Baseball Toaster Cub Town
How Dusty Failed
2004-10-01 01:55
by alex ciepley

(Note: this column goes out under Alex's byline, but Christian wrote the second half of it.)

[Alex:] The number one culprit in yesterday's loss was the offense, which failed Mark Prior in a way only Randy Johnson can sympathize with. Dusty Baker, however, did his best in extra-innings to make the task of winning more difficult for his team. Here's why.

With two out in the 10th inning, Jason LaRue singles off Ryan Dempster and is pinch-run for by Ryan Freel. Not only would Freel's threat to steal be lessened with a lefty on the mound, but Andy Machado, who is at the plate, has two at-bats against lefties the entire year. Mike Remlinger has finished warming up, and is ready in the bullpen. Freel promptly steals second and Machado walks, something we're getting awful used to with Dempster (who, let's face it, has always walked way too many people to be a good pitcher). Barry Larkin steps up. Larkin has hit .368 in his career against Dempster, but Baker leaves the matchup as-is. Baker gets away with it, as Larkin grounds out.

The most important thing the Cubs need at this moment is a run. It would certainly help things to get the leadoff man on. Tom Goodwin is brought in as the inning's first batter. Unfortunately, Goodwin has a .254 OBP this season, the lowest among every regular on the bench. This would have been a perfect opportunity to bring in Ben Grieve (who has a .360 OBP this season, just below his lifetime mark of .367), whose primary skill is to get on base. Dusty seems to think that Grieve should be reserved to drive in runs, despite having a pedestrian .419 SLG percentage. It apparently doesn't dawn on Dusty that you can pinch run for a slow baserunner, but you have to have the baserunner to begin with.

Goodwin, of course, promptly strikes out.

Mike Remlinger has been brought in and quickly gets two outs. At this point, however, it makes no sense to leave him in to face Sean Casey. Baker must think that Remlinger, a lefty, should be at an advantage against another lefty. Lefties, of course, have pounded Remy this year (806 OPS against lefties, 527 OPS against righties), as they do every year (from 2001-2003, 789 OPS against lefties, 570 versus righties). But even with Dusty ignoring these trends, you'd think he'd notice that Casey is batting a cool .500 against Remlinger (6 for 12) in his career. Baker escapes again, though, and Casey grounds out.

With two outs, the Cubs are threatening. They have Sosa at third and Grudz at first with Lee at the plate. Casey is playing behind Grudz, and the Reds are conceding second base. You want to take second, as it eliminates the force out. No one notices this on the Cubs' side for a couple pitches. Whether this is Grudzielanek's fault for not paying attention or the coaching staff's fault for not relaying information, it is inexcusable that Mark doesn't immediately take second. He finally does midway through Lee's at bat. Lee walks and Barrett strikes out on three pitches.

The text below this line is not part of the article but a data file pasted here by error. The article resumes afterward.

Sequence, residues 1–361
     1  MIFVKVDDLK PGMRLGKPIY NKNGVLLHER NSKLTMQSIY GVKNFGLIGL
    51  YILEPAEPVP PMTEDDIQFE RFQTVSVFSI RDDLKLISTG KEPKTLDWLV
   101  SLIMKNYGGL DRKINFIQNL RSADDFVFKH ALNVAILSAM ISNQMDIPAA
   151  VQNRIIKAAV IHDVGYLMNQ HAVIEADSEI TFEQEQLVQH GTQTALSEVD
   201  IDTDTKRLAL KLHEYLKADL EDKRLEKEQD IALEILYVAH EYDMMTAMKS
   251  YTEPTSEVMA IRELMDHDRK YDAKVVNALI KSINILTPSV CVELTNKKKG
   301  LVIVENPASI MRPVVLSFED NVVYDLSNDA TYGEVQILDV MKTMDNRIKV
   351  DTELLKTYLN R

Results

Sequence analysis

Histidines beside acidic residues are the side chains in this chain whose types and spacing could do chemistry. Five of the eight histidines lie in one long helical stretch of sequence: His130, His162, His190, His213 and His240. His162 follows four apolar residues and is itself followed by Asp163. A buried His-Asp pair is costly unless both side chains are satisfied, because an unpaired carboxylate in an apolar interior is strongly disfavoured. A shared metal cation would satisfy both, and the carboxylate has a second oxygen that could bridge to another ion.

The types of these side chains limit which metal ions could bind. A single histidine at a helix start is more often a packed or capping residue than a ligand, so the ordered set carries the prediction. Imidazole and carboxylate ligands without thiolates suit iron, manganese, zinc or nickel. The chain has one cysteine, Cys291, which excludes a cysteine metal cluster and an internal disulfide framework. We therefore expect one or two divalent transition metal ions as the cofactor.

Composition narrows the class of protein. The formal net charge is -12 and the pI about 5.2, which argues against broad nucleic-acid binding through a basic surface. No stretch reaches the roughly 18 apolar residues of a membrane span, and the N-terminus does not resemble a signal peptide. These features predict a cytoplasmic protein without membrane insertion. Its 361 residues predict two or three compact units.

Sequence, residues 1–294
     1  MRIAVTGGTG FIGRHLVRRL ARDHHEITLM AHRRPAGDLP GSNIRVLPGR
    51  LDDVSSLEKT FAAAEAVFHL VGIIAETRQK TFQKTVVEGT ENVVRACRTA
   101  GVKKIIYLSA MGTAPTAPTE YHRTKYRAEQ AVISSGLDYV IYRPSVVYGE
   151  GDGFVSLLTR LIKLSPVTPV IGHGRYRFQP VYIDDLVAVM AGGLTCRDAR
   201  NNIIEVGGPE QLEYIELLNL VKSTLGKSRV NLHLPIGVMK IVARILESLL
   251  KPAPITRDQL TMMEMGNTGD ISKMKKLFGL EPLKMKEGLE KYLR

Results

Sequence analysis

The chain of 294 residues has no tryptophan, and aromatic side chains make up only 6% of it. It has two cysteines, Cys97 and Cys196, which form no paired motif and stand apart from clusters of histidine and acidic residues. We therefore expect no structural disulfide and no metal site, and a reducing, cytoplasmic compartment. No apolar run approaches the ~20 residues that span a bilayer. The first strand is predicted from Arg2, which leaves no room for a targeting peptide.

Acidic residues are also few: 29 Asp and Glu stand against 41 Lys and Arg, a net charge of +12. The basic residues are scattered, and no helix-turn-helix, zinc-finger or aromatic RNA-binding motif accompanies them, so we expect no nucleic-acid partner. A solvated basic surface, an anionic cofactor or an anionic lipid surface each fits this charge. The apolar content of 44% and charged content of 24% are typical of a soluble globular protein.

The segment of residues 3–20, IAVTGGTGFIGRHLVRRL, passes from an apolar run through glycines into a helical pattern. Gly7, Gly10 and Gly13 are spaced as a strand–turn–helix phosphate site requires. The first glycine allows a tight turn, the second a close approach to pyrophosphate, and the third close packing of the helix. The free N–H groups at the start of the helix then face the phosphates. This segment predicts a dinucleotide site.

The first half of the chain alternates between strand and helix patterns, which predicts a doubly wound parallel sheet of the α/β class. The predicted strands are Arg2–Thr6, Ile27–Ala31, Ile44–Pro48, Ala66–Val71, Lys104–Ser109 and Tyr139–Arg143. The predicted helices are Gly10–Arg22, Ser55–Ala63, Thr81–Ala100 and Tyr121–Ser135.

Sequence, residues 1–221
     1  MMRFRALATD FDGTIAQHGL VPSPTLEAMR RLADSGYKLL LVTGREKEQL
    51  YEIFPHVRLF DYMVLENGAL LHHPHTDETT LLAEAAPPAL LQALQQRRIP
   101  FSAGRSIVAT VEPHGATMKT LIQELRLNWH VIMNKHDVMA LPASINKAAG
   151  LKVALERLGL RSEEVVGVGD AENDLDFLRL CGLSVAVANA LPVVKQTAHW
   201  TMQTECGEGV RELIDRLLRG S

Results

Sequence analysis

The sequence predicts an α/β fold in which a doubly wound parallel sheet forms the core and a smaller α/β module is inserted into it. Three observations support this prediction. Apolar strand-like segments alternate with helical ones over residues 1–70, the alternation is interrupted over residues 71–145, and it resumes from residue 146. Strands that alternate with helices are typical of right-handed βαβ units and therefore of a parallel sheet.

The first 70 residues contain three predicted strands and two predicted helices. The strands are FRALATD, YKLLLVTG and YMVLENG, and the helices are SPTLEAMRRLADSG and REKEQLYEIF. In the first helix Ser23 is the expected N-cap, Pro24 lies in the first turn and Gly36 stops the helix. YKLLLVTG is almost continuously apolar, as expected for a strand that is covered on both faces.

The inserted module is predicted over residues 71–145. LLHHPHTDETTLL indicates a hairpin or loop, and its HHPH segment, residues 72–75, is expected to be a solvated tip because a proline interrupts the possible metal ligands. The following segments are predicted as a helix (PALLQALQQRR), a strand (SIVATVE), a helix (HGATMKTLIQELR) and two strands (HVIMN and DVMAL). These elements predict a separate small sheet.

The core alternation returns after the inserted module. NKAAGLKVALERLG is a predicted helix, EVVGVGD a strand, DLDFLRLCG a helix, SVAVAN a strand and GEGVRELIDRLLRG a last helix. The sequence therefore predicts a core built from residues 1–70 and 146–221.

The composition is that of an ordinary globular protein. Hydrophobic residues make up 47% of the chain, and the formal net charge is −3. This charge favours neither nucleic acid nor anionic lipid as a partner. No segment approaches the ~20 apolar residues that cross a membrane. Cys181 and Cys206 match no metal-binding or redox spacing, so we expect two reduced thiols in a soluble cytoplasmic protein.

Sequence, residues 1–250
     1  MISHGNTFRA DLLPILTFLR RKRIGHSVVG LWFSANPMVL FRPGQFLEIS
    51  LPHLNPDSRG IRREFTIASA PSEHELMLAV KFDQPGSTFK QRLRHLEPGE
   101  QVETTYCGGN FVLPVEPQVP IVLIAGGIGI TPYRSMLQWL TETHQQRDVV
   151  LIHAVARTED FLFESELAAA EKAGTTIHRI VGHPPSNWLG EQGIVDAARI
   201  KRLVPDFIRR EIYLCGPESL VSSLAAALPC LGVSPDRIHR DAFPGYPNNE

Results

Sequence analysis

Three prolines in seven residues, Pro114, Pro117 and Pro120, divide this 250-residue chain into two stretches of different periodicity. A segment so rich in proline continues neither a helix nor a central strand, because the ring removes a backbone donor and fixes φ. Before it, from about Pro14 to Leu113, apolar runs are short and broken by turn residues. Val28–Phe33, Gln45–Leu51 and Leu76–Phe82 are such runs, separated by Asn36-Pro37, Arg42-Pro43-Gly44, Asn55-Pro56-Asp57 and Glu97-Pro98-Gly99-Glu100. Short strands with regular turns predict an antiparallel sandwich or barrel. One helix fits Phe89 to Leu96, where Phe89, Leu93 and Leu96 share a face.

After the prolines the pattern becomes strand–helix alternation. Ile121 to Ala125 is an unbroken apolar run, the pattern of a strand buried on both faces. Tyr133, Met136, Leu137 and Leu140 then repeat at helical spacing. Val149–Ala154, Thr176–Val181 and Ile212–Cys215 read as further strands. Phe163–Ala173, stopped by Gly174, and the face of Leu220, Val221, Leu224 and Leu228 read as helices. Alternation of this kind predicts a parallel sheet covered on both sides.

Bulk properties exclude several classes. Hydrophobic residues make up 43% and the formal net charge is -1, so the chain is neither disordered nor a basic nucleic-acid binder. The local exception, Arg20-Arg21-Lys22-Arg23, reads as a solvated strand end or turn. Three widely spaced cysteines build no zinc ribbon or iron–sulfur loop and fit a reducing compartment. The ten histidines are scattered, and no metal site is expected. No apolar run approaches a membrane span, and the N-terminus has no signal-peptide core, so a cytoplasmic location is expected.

Unfathomably, Remlinger is left in to face lefty slugger Adam Dunn. We've already gone over Remlinger's unsuccessful splits versus lefties in general, but Adam Dunn is batting 833/875/1.333 in his career against Remy! It is pure folly to leave this matchup in the game, and this time Baker pays for it. Remlinger gives up a single to center. Farnsworth (against whom Dunn is 1 for 8 in his career, though that one hit was a home run) is brought in to face Kearns. Kearns strikes out, but Dunn easily steals second and advances to third on a groundout. Javier Valentin drives in Dunn with a double, and the Reds have taken the lead.

Given another chance to pinch-hit with Grieve to lead off the inning, Baker chooses out-master Jose Macias to lead off. Again, the lead off hitter is supposed to reach base, and Macias has an OBP of .286. It was the wrong choice, but it works out for Baker as Macias immediately singles.

Then comes the most idiotic part of the game. I'll let asking Patterson to sacrifice slide, since Corey has been no better than a pitcher at the plate this month anyhow. But when Patterson fails and there is now one out and Macias still on first, Nomar Garciaparra tries to sacrifice Macias to second. Nomar enters the game with four sacrifice hits in his entire career. This number is so low because he has a lifetime OPS of .919, the highest OPS of anyone in the Cubs' lineup. Nomar grumbled something or another after the game that it was his idea to bunt, but to me it seemed like he was trying to cover someone else's tracks. It should have been made clear to him that the Cubs needed a big hit at that moment, not an advancement of the runner in exchange for the out.

I'll ask James Click, one of the wise souls over at Baseball Prospectus, to take over from here. James clarified the math in an email:

While I don't like analyzing individual decisions like this, considering how often managers go to matchup sheets, let me offer my own.